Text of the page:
When you add spices to the basic honey/water/yeast mixture, it’s technically called a metheglin.  Don’t count on anyone outside of the local Renaissance Faire or homebrew shop knowing that, though.

You will be adding wine yeast (or sherry or champagne yeast) to do the fermenting.  You want to keep all of the other ‘wild’ yeasts in the air out of your mead, since they may sour it.  Therefore:  wash everything with a mild bleach solution and rinse it very well before you use it.  This includes pots and pans, funnels, and especially glass jugs.  (Some people say this isn’t necessary, including some well respected mead-makers, but I don’t have their confidence yet, so I’m careful to keep things clean.)


2 or 3 cloves, lightly cracked

2 sticks of cinnamon, cracked

dash of cardamom

2 to 4 teaspoons fresh lemon zest (just the thin yellow part, not the white part of the peel)

2 lbs. raw honey (get this at a health food store – don’t use a processed honey like “SueBee”)

1 packet of wine yeast*

¼ cup vodka or grain alcohol

*Get this yeast at a homebrew shop.  I have tried several kinds with good results.  Some to try as a beginner:  Flor Sherry, Cotes des Blancs.


large stockpot, 4 quarts or larger with lid (or use plastic wrap to cover)

strainer or sieve

1 glass wine jug (but 2 will make it easier)

4 to 6 feet of plastic tubing (1/2” or so) OR a large funnel

Optional Equipment: (definitely not necessary, but more “techie”)

rubber stopper and airlock to fit the glass jug

specific gravity indicator

commercial “yeast nutrient”

wine bottles for serving (or sharing!) the mead more easily


Day 1, preferably during a waxing moon, to encourage the mead to ripen: Clean the stockpot with a bleach solution and rinse well.  Put cloves, cinnamon, cardamom and lemon peel in about 2 quarts of water and simmer for about 15 minutes, until the spices have scented the water.  Add water to bring the volume to about 3 quarts, and return to a simmer.  Add the honey, stirring constantly, and heat but do not boil.  Skim off white scum as it forms.  If the scum is yellow, reduce the heat.  When no more scum forms, remove the pot from the heat, cover it to keep out airborne yeast, and leave it overnight.  It must reach room temperature before you continue, or you will kill the yeast.

Day 2: Strain the mixture to remove as much of the spice particles as possible.  You will have to strain it into something, so use another (cleaned and rinsed) pot, or the (cleaned and rinsed) wine jug.  The mixture should end up back in your large stockpot.  Add the packet of yeast, stir it in, and put the cover back on.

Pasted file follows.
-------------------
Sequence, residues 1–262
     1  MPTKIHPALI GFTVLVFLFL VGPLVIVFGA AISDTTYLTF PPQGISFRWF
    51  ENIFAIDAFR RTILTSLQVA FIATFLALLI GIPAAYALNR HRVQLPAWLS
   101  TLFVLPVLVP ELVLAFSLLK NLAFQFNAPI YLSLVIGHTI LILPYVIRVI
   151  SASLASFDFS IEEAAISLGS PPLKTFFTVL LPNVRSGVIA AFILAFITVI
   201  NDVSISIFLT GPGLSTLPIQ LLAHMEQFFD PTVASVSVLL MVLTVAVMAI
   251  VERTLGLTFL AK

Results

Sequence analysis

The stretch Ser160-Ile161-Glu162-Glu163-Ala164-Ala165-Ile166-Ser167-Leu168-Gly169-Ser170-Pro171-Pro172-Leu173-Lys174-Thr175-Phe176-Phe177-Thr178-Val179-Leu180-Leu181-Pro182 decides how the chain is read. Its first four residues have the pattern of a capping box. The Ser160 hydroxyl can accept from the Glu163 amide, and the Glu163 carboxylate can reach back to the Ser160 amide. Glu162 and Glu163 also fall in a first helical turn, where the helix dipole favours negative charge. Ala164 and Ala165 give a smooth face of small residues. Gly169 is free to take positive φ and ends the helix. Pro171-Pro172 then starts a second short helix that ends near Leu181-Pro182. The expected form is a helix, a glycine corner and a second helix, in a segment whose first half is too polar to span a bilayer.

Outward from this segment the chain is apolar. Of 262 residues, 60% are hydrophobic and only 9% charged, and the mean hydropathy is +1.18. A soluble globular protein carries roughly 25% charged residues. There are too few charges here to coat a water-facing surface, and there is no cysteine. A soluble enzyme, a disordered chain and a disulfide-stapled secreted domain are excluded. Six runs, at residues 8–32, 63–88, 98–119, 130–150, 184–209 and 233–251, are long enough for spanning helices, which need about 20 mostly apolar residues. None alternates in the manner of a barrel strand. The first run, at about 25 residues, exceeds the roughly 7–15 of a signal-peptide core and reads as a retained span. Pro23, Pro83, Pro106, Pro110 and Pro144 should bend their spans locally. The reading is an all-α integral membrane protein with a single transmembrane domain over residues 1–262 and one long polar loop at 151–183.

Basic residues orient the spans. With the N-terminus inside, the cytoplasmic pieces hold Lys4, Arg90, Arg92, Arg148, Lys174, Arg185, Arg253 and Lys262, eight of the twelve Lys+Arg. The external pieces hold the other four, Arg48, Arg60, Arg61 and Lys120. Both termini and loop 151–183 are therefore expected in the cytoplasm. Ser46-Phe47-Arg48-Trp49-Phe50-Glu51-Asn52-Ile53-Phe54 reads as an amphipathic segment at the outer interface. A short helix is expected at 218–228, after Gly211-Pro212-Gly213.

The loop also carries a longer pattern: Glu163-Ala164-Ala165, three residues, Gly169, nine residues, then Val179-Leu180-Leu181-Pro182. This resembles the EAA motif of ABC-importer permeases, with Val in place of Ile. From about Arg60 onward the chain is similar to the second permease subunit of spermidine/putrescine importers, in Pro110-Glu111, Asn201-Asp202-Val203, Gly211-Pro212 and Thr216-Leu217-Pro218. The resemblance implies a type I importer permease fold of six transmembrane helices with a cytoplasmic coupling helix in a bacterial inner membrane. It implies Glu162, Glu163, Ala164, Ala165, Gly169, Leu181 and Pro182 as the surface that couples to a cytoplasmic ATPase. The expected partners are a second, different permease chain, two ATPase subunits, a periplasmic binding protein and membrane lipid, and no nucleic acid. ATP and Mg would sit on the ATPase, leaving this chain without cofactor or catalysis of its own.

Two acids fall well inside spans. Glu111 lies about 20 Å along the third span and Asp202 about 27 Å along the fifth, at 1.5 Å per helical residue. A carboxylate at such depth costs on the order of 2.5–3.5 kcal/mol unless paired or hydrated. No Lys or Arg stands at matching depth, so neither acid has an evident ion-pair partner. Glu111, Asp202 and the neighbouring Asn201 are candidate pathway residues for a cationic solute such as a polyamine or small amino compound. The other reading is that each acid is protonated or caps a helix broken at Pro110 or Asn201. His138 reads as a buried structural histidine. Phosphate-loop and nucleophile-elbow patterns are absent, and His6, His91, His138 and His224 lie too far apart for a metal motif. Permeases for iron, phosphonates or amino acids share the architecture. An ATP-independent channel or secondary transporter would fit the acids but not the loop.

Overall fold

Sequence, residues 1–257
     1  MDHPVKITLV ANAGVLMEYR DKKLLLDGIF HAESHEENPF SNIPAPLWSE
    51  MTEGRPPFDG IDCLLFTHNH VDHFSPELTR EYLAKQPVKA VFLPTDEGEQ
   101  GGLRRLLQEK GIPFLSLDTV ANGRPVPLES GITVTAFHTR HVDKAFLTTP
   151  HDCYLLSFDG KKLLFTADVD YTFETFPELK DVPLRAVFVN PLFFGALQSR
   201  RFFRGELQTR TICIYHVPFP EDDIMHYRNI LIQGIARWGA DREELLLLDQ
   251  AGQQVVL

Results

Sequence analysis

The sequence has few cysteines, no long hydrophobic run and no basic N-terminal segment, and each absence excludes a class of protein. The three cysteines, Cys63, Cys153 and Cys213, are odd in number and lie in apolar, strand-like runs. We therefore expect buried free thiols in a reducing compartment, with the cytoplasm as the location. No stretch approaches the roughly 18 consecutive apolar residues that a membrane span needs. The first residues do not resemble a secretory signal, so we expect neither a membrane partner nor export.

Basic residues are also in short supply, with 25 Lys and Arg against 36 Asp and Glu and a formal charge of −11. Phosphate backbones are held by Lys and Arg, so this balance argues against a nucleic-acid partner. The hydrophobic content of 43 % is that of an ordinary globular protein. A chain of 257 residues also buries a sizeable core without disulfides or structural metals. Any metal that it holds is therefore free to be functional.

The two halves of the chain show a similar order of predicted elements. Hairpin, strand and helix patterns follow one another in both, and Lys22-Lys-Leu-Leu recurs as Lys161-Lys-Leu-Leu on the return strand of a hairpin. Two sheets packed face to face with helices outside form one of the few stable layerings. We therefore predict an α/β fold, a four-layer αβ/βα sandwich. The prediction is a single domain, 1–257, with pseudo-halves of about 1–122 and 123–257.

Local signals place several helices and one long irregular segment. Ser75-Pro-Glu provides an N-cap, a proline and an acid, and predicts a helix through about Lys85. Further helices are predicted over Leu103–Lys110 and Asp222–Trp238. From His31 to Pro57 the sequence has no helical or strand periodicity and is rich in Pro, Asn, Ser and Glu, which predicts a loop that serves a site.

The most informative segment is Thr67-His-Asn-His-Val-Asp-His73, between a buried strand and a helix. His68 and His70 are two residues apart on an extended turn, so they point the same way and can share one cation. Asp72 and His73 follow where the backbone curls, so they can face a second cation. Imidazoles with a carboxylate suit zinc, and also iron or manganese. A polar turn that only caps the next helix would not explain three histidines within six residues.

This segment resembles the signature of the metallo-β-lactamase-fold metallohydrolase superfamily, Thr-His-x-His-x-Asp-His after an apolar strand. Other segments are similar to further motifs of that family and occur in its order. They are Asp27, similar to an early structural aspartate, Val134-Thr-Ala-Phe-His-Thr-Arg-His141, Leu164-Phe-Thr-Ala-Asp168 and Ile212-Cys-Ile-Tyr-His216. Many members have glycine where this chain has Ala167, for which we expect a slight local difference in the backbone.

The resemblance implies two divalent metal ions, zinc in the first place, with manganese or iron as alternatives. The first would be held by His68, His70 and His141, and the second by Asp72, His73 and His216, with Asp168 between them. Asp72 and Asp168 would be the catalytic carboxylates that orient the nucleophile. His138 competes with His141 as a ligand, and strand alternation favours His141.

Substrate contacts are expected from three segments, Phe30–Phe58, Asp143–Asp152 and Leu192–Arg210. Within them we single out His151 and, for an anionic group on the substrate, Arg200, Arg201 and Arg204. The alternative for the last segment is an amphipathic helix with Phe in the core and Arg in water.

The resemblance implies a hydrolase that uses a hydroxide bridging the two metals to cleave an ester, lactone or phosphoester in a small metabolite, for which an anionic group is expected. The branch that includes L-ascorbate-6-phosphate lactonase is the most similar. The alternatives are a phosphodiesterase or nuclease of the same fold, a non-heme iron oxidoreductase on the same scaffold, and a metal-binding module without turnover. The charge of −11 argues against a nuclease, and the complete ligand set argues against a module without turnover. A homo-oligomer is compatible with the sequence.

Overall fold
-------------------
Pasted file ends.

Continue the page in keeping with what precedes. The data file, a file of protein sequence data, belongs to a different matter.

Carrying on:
Day 3 or 4: (when the yeast has formed a thick foam on the surface of the liquid.  Preferably before this foam sinks like a rock to the bottom of the pot.  But if the foam does sink, it’s not a big deal, but it’s time to proceed with this step.) Rack the mixture to a jug, leaving the foam and dregs of yeast behind.  (“Racking” is the techie term for transferring liquid.  Use a clean funnel or plastic hose.)  Add enough boiled, cooled water to reach the neck of your jug.  To seal the jug but allow gases to escape, cover it with a double layer of paper towel, held on by a rubber band.  (Techie option:  use an airlock with water to allow the bubbles to escape.)  Leave the jug somewhere at room temperature, and watch it to make sure the paper towel doesn’t get fouled with foam.  (If it does, just replace the paper towel with a clean one.)

Two to four days later: Wait until the vigorous foaming stops, or at least 2 days.  Make sure the paper towel is clean, and move the jug to the refrigerator (or the porch, if the weather is predictably 45°F).

12 to 24 hours later: Rack the mead (it’s becoming mead now!) to a clean jug, put on a clean paper towel, and return it to the refrigerator.

12 to 24 hours later: Rack the mead to a clean jug again, and add ¼ cup of vodka or grain alcohol to kill the yeast.  Put on a clean paper towel, and return the jug to the refrigerator.

Keep the mead in the jug in the refrigerator for 3 or 4 days.  Then bottle the mead, using a clean funnel or plastic hose.  The mead is supposed to be drinkable in 10 days, and really pretty good in about 2½ weeks.  (I find that I can start this mead about a month before I want to serve it, and it turns out fine.)  Keep the mead refrigerated, and don’t let it get too old – drink it within 6 months or a year.  It’s not a fine wine, and it doesn’t age like one!

Keep in mind that you’re dealing with living yeast and wild honey.  Your results won’t be entirely predictable, and you should adjust things as you see fit.  Occasionally, things just won’t work the way you expect them to.